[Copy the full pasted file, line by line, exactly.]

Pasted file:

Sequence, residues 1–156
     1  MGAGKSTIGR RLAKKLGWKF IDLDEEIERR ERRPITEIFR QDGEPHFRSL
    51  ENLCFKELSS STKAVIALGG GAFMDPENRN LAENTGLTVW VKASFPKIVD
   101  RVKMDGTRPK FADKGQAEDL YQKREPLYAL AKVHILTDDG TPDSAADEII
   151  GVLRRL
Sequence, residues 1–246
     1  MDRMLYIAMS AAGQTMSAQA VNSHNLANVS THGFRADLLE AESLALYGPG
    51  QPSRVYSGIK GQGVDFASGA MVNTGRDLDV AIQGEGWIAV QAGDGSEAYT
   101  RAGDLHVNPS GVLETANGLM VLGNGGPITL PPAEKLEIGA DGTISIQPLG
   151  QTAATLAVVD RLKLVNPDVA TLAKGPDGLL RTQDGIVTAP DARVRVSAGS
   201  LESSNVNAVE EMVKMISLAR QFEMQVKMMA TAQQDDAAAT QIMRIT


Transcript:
Sequence, residues 1–156
     1  MGAGKSTIGR RLAKKLGWKF IDLDEEIERR ERRPITEIFR QDGEPHFRSL
    51  ENLCFKELSS STKAVIALGG GAFMDPENRN LAENTGLTVW VKASFPKIVD
   101  RVKMDGTRPK FADKGQAEDL YQKREPLYAL AKVHILTDDG TPDSAADEII
   151  GVLRRL
Sequence, residues 1–246
     1  MDRMLYIAMS AAGQTMSAQA VNSHNLANVS THGFRADLLE AESLALYGPG
    51  QPSRVYSGIK GQGVDFASGA MVNTGRDLDV AIQGEGWIAV QAGDGSEAYT
   101  RAGDLHVNPS GVLETANGLM VLGNGGPITL PPAEKLEIGA DGTISIQPLG
   151  QTAATLAVVD RLKLVNPDVA TLAKGPDGLL RTQDGIVTAP DARVRVSAGS
   201  LESSNVNAVE EMVKMISLAR QFEMQVKMMA TAQQDDAAAT QIMRIT